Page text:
Discussion. – Globulocaris is assigned to Protozoeidae based upon the following morphological characters: small carapace with distinct dorsal notch of posterior portion of carapace anterior to strong postero-dorsal spine, and optic notch not particularly concave with rounded antero-ventral process. Globulocaris differs from ProtozoeaDames, 1886, PseuderichthusDames, 1886, and Hamaticaris nov. gen. by its globular carapace (subtrapezoidal in Protozea, Pseuderichthus, and Hamaticaris), its short simple rostrum (very elongate in Protozoea; elongate with one infra-rostral spine in Pseuderichthus and Hamaticaris), its dorsal margin with very short concave notch anterior to the postero-dorsal spine (smooth and regular in Protozoea; large notch limited by dorsal spine in Pseuderichthus), and its narrow posterior notch limited by spines (absent in Protozoea and Hamaticaris). Globulocaris differs also from VictoriacarisHegna et al., 2014 and PolziaHegna et al., 2014, mainly by the globular shape of its carapace (subtrapezoidal in Victoriacaris and Polzia), by its short rostrum (beveled anterior spine in Victoriacaris), and by its narrow posterior notch (very large in Victoriacaris; almost absent in Polzia).

 

Globulocaris garassinoi Teruzzi and Charbonnier nov. sp. (Fig. 9).

Etymology. – The specific epithet honours Alessandro Garassino, formerly a palaeontologist at the Museo di Storia Naturale di Milano, Italy.

Type material. – Holotype by monotypy MSNM i20655.

Type locality. – Hakel, Lebanon, Middle East.

Type age. – Late Cretaceous, Cenomanian.

Description. – Bivalved carapace; small globular, about twice as long as deep (length: 12 mm; height: 7 mm); convex dorsal margin prolonged anteriorly by the rostrum (split in the present specimen: see line drawing) and interrupted posteriorly at level of very short concave notch anterior to the postero-dorsal spine; dorsal margin almost horizontal between the short concave notch and the postero-dorsal spine; optic notch with slightly concave margin, inclined at about 90° angle to longitudinal axis of carapace, limited by sharp and short rostrum and rounded antero-ventral process; ventral margin rounded in lateral outline (split in the present specimen: see line drawing); muscle scar appearing as large circular protuberance (diameter: 3 mm) in antero-ventral margin; posterior margin limited by strong postero-dorsal spine and rounded postero-ventral process; one short posterior spine immediately under postero-dorsal spine, both forming narrow and concave posterior notch; eye poorly preserved but relatively large; prominent anterior appendages not preserved; posterior trunk somites poorly preserved.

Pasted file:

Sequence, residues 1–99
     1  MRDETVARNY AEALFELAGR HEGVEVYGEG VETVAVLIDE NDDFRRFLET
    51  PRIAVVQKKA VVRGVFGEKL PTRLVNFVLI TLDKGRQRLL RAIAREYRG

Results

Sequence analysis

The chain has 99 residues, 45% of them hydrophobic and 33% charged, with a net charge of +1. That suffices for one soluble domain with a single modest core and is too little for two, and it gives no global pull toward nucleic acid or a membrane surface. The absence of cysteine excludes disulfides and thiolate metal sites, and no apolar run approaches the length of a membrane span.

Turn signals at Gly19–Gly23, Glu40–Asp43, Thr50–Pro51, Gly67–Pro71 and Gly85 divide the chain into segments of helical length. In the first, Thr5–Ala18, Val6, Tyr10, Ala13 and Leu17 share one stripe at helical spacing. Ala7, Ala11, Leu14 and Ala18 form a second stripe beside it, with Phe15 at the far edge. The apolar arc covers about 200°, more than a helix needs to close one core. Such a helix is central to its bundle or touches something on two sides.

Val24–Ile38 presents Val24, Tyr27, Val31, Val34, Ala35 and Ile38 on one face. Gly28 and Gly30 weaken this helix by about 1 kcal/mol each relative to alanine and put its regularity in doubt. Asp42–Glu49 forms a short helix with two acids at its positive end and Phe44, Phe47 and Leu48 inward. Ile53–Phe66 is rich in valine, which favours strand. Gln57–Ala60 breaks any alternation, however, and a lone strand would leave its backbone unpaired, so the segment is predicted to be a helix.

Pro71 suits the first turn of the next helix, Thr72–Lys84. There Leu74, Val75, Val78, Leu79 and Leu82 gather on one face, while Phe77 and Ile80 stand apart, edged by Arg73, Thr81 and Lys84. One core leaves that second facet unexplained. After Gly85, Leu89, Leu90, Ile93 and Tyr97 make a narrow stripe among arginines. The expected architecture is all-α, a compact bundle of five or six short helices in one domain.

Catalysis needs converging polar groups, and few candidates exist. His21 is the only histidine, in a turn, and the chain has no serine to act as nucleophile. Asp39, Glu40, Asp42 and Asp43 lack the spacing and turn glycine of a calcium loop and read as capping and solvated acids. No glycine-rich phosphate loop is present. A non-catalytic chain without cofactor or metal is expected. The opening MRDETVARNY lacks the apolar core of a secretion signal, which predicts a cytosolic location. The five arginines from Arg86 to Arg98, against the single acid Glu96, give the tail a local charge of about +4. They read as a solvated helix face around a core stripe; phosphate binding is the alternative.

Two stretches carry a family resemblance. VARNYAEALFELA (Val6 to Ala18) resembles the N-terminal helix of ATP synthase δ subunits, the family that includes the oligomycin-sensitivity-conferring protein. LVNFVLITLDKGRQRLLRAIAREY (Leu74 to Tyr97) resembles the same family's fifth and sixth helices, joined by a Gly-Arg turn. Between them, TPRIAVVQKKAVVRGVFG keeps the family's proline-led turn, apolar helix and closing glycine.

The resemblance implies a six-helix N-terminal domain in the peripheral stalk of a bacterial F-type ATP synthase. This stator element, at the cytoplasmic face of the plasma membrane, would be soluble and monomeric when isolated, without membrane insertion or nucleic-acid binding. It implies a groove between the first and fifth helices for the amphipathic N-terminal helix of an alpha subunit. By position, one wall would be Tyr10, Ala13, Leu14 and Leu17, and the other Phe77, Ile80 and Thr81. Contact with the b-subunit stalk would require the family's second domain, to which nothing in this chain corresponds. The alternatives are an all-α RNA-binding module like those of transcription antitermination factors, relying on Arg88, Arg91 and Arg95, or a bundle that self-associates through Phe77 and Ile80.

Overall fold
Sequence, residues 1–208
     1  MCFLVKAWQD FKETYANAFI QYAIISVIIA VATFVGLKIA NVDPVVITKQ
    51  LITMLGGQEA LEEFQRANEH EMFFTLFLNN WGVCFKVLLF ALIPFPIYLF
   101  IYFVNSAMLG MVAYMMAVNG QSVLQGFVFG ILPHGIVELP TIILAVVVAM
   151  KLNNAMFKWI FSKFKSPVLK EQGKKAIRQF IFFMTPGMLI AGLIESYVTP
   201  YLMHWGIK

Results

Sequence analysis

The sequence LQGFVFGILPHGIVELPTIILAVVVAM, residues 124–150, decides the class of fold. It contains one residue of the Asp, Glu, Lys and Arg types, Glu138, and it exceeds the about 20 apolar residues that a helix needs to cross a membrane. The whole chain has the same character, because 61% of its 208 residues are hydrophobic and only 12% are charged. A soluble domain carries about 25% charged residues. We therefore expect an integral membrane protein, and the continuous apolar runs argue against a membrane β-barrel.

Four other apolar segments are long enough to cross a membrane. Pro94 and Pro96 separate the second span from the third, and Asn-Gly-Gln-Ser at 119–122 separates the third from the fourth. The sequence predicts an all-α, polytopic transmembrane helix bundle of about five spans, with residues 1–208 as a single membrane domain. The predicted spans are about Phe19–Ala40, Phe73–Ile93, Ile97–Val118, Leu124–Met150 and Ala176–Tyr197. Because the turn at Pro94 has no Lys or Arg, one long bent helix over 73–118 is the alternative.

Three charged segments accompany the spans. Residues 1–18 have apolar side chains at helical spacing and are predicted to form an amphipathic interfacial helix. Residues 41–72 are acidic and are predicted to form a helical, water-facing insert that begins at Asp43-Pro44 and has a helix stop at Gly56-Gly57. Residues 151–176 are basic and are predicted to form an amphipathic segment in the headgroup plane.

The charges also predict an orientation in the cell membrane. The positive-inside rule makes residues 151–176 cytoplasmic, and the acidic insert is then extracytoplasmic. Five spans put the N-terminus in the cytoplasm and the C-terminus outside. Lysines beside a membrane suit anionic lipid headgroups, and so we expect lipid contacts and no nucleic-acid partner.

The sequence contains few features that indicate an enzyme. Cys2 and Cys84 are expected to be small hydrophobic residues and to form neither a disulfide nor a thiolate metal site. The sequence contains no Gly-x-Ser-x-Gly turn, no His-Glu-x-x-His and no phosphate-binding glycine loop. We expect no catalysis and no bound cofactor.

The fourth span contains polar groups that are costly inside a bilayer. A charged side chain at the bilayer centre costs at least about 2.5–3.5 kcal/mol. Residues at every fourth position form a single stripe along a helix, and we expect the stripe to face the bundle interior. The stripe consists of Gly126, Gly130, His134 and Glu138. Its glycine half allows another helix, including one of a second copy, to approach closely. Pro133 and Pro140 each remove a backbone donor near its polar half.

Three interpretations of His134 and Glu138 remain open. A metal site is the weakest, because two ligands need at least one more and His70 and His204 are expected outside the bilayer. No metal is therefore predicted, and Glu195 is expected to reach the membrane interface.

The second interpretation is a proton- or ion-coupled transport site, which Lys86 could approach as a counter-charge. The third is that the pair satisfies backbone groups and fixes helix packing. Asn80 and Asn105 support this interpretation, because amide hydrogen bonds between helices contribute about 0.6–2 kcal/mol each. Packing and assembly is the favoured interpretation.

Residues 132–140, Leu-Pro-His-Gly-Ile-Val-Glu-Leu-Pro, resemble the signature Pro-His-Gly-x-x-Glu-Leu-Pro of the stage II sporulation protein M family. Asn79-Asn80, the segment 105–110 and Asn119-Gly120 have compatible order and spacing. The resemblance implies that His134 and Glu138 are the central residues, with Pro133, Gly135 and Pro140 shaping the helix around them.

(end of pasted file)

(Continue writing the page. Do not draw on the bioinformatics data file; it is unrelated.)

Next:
Hamaticaris Charbonnier nov. gen. (Fig. 10).

Type species. – Protozoea damesiRoger, 1946.

Etymology. – Derived from the Latin hamatus (hooked), alluding to the hooked rostrum. The gender of the genus is feminine.

Diagnosis. – Carapace, trapezoidal in lateral outline, with very elongate spiny rostrum and postero-dorsal spine; rostral spine directed slightly upward, accompanied by small anteriorly oriented hook ventral to its base; antero-ventral process with small rounded projection present just below large optic notch; dorsal margin with very short concave notch anterior to the postero-dorsal spine; bifurcate or Y-shaped arrangement of ridges on central aspect of carapace; three parallel, longitudinal rows of punctuations on dorsal aspect of carapace surface; gracile anterior appendages (prehensile appendages); eight posterior trunk somites bearing eight paddle-like limbs.

Preliminary remarks. – Dames (1886) erected the genera Protozoea (with P. hilgendorfi as type species) and Pseuderichthus (with Ps. cretaceus as type species). The same fossils had already been described but not named by Hilgendorf (1885), who drew direct comparisons between these fossils and several larvae of extant crustaceans. Dames (1886) also thought that these fossils represented larval forms of unknown genera of stomatopods. This idea that Protozoea and Pseuderichthus were stomatopod larvae was later strongly endorsed by Van Straelen (1938). Later, Roger (1946) recognized the new form Protozoea damesi and concluded that the two species of Protozoea had to represent probably remains of adult branchiopods. The possibility these genera may be thylacocephalans was first suggested by Arduini et al. (1980: 369) and seconded by Pinna et al. (1982: 481). Schram et al. (1999) reviewed the thylacocephalan fauna from Lebanon providing very detailed descriptions. However, these authors maintained Roger's species in Protozoea whereas the respective carapaces of Protozoeahilgendorfi and P. damesi are clearly different and lead us to propose the new genus Hamaticaris.